Monday, 22 May 2023
Private Members' Business
One year and one day ago, Australians voted to change the country, and they did that by changing the government. I thank the member for Riverina for talking about the pandemic and bringing that up, because Western Australians know who held up the bargain of looking after the public, and the truth is that was Premier Mark McGowan. Australia knows what leadership looks like in a crisis, and they saw that, often, from state premiers. The truth is that we brought up the pandemic and there was this question: 'Well, who was responsible for the saving of lives?' I'll say that there is some work that the federal government did, but there were also some decisions that were made by the federal government that absolutely made that harder, which included not ordering enough vaccinations or getting the vaccination rollout right. I'll highlight some of the things that were said: 'I don't hold a hose.' 'It's not my job.' But there were two things that were his job, which related to ordering enough vaccinations and getting the rollout right, and I'm going to say that those opposite didn't get it right.
I'll also take this opportunity to highlight that the former Prime Minister sided with Clive Palmer and was prepared to open up Western Australia, which was at the forefront of making sure that our economy was ticking. Some of the surplus that was handed down in this budget related to royalties from the resource sector, and that happened because what the Labor Party understands is that, when you get health outcomes right, you get economic benefits, so, if you get the health of your citizens right, you get good economic outcomes.
I feel so privileged to stand here before the House and talk to this motion, one year and one day after the Albanese Labor government and I were elected. The people of Swan put their faith and trust in me, and that's why I was elected as the first woman to be the member for Swan in its 101-year history. We're getting on with delivering what we promised to Australians. I've had multiple conversations with constituents in my community, and they were relieved to see the adults back in charge.
When we talk about promises in politics, we should think back to the choice that Australians had at the 2022 election. I and Labor presented a series of policies to build the foundation for a better future. They included strengthening Medicare. Labor built Medicare and we will always protect it. They also included cheaper child care. The Labor Party understands the importance of access to work, and child care is a part of this—and a part of that's because of the number of women that we have in our caucus. The policies included cheaper medicines because, again, we understand the importance of the health of our communities. They included action on climate change. On our side, we accept the science of climate change, and it makes it so much easier to act when we're all on the same page. They included the National Reconstruction Fund. We want to see more things made here in Australia, and we saw, during the pandemic, what happened with broken-down supply chains. We're also in the process of implementing the aged care royal commission recommendations, because we want to restore dignity for our most experienced Australians. We've introduced domestic violence leave, because we want to lower the hurdles for people escaping those relationships. We've expanded paid parental leave and made it more flexible. We also put in a submission to raise the minimum wage, because our lowest-paid workers deserved a decent pay increase. And of course there is the First Nations Voice to Parliament and the future referendum.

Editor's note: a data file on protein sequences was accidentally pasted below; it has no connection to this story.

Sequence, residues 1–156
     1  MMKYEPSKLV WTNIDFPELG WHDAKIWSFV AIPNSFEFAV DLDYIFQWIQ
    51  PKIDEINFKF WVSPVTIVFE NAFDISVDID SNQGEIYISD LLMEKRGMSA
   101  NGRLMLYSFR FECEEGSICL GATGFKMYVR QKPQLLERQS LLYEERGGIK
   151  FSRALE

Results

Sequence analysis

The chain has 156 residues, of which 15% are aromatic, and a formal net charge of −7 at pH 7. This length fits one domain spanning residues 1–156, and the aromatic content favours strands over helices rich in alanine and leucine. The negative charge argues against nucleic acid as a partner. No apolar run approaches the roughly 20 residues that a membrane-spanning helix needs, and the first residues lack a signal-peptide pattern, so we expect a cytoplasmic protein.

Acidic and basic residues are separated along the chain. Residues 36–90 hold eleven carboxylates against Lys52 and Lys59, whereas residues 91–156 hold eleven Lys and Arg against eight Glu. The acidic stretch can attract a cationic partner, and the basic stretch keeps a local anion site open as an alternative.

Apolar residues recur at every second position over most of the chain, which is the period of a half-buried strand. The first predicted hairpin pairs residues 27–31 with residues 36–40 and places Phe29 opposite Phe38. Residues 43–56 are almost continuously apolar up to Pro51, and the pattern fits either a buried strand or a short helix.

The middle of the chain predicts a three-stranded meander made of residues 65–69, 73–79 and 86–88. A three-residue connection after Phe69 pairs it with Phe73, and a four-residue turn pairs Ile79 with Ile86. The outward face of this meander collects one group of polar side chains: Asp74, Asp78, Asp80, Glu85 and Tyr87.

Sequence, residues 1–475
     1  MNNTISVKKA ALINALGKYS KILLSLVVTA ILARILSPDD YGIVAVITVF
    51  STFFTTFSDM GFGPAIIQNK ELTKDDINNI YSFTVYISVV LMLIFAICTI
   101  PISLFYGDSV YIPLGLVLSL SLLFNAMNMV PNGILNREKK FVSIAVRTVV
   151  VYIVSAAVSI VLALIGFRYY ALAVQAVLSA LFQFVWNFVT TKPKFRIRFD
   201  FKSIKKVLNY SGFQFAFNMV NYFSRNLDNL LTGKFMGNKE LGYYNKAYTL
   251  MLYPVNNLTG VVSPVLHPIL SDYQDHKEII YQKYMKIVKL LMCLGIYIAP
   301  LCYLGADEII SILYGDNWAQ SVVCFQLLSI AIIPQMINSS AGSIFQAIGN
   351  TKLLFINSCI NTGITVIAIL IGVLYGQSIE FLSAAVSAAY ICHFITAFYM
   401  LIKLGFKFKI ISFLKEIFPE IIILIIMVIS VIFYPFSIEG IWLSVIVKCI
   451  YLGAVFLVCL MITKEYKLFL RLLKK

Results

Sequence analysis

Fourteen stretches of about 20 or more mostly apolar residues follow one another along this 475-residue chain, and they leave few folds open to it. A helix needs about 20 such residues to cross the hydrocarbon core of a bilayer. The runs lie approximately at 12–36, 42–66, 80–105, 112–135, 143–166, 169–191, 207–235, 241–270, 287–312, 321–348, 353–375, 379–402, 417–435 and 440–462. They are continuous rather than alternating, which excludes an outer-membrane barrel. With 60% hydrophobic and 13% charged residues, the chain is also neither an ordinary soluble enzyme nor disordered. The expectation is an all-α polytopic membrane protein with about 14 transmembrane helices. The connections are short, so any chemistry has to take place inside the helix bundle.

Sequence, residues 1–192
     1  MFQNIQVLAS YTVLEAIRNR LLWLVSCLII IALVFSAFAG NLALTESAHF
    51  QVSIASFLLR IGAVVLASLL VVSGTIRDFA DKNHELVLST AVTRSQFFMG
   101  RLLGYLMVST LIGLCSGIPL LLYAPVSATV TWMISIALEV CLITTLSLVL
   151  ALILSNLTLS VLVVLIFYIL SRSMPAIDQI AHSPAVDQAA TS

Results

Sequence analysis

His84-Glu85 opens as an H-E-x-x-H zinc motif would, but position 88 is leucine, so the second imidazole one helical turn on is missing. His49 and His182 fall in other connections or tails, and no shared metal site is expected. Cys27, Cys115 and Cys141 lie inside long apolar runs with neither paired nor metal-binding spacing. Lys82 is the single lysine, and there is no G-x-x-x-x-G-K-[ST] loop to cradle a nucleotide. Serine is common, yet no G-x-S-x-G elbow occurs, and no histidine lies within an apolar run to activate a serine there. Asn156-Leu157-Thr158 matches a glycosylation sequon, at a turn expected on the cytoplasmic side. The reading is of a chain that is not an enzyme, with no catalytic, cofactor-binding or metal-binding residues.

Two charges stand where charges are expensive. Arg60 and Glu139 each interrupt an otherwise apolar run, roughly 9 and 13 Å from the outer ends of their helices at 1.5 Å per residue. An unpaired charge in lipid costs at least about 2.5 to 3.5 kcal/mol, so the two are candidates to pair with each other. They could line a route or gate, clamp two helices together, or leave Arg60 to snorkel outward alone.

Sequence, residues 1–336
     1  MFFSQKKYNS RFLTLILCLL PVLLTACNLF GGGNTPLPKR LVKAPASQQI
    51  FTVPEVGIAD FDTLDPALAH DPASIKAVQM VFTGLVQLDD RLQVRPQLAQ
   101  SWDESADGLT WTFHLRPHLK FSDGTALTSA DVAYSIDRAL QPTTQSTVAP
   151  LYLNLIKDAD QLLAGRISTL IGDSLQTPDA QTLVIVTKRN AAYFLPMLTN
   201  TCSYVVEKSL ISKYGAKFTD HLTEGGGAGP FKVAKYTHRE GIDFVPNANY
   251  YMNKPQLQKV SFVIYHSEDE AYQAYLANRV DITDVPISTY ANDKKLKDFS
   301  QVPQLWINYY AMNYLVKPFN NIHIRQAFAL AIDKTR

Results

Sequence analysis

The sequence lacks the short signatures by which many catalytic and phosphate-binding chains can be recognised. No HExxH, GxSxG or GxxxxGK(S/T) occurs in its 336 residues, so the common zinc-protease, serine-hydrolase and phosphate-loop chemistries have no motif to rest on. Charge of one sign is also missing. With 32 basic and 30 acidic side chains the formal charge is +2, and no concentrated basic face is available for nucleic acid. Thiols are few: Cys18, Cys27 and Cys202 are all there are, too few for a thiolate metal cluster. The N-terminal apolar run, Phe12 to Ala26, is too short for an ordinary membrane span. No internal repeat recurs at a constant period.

In comparison, what was the choice that the Liberals presented to my community? 'I don't hold a hose,' and, 'It's not my job'—no plan; no vision; just disunity, delay and division.
So I say to the member for Forde that the budget we delivered on 9 May lives up to what Australians voted for a year ago. I will say that I know that families are doing it tough, and that, for families in my electorate, we're delivering responsible and targeted cost-of-living measures. It's a delicate calibration and we don't want to feed the inflation dragon. There's so much more work that we need to do, but the thing I'd say is that the federal Labor government does not want to waste a day.